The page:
One day after that the old woman said to the boys: "Now, boys, do not go to that thick-timbered place over there. That is where some of your brothers and relations disappeared. Do not go there." Soon after this, one day when they were out hunting little birds and had got away from the lodge, the Star Boy said, "Brother, let us go over to that place where grandmother told us not to go. Let us see what is there." They went, and as they were going along through the timber they saw a panther. The panther growled and looked very fierce, but the boy walked up to it and shot his little arrow at it and killed it. His father was helping him. The boys skinned it and took it home and stuffed it with grass and stood it up in the lodge. Their grandmother was away. When she came back they told her to go into the lodge; they said, "We have something nice for you in there." She went into the lodge, and when she saw the panther she was frightened almost to death, and the boys laughed. The

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boys said to the old woman, "Grandmother, we have done this so that we away other animals outside the lodge to scare a so that they will not come near us."

The grandmother said: "Boys, boys, you must not do as you have been doing. You must not go so far away, and you must not go into danger. Right up there on the hill is a den of snakes. I do not want you to go there. You must not go near that place." Soon after this the Star Boy said to his playmate "Brother, let us go over to that hill where the snakes live. Let us each take a piece of rock and we will kill them." They went, and when they got to the place he said: "Sit down. Put your rock on the ground and sit down on it. I know what the snakes are going to do, but our father will take care of us."

The snakes came out of the den—great lots of them—and came towards the boys. All at once the boys saw a cloud rising and coming towards them, and pretty soon it began to rain where the snakes were, and the water got so deep  that the snakes were swimming, but where the boys were it did not rain. On them the sun was shining warm and bright. Then the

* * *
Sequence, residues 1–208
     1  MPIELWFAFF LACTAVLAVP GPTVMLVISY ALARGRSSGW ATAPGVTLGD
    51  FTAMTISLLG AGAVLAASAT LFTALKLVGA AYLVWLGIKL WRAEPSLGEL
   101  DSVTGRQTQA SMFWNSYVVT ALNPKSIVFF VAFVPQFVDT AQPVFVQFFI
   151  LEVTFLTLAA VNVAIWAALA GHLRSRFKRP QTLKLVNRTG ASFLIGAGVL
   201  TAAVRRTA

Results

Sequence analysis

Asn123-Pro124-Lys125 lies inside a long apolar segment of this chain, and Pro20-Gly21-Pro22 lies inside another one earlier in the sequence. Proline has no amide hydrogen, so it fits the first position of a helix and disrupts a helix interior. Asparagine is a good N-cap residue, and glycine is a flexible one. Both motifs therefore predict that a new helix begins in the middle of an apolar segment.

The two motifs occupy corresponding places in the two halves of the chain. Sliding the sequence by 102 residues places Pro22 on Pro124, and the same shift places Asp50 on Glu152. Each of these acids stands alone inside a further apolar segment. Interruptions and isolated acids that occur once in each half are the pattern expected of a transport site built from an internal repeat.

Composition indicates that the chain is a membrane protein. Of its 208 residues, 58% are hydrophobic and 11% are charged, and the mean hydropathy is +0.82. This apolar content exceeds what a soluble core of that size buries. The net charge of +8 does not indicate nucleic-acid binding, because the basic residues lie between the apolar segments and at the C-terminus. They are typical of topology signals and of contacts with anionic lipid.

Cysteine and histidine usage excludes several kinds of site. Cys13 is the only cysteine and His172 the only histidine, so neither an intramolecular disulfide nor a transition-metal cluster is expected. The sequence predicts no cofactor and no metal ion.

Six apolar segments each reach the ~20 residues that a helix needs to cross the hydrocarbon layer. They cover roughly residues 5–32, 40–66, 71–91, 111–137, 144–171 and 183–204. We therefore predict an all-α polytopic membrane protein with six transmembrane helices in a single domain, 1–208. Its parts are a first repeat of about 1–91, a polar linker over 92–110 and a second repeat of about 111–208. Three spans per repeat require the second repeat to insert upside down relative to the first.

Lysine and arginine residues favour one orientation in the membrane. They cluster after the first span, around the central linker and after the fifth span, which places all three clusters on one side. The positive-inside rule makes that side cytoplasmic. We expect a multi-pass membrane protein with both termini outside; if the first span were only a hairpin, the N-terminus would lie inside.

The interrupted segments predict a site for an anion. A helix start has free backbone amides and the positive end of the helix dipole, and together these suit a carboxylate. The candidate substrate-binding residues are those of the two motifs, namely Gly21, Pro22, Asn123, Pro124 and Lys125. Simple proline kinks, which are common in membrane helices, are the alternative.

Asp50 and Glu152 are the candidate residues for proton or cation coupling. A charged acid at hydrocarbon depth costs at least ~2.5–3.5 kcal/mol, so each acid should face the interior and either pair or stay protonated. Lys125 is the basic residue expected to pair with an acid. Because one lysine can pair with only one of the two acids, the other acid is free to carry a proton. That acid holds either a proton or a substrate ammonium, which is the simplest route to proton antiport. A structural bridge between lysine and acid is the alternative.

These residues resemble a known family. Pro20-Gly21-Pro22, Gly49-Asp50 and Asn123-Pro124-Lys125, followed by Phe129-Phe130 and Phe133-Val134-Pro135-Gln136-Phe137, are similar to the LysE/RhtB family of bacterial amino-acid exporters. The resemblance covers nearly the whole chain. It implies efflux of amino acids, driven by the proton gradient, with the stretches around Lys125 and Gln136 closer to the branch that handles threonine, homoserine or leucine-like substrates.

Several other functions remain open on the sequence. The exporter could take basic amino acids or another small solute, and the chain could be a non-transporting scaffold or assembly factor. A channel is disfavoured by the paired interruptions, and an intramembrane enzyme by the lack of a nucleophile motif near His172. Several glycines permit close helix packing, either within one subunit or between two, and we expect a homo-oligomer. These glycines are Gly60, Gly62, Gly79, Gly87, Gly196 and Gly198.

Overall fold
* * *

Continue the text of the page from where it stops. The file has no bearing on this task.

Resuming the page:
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sun got hotter and hotter, and at last it was so hot it made the water boil and killed all the snakes.

The boys went home, and the old woman's grandson told her what had happened—just how it all was. Then she said to him: "Grandson, I believe there is power in this little boy. Now we will go back to our people." They had left their people because they were poor and had no horses, and the others in the camp did not take care of them. She said, "We will go back and try to find out where this boy came from, and whether he is a relative of any of our people there." Before they started the grandmother asked the Star Boy where he came from. He told her that he did not know; that he had come from above, but he remembered that his mother had told him that they did not belong up there, but down below, and that she had been taken up by a star. He said that she had come down with him on her back, but had been killed by a stone dropped from above, which had hit her on the head but did not kill him.

Then the old woman remembered that once a girl had disappeared one night from the camp

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when she was sleeping on an arbor, and that this girl was the daughter of a chief.

They left their lodge and went back to their people. When they reached the camp, they had a lodge of their own and all lived together. His relations, when they found out who the Star Boy was, wanted him to come and live with them, but for a long time he would not do so. When he did go, he took the old woman and her grandson with him.

When he grew up he began to go on the warpath, and he had good luck and struck many of his enemies. At length he married the daughter of a chief, and the grandson married another daughter.

Next: The Grizzly Bear's Medicine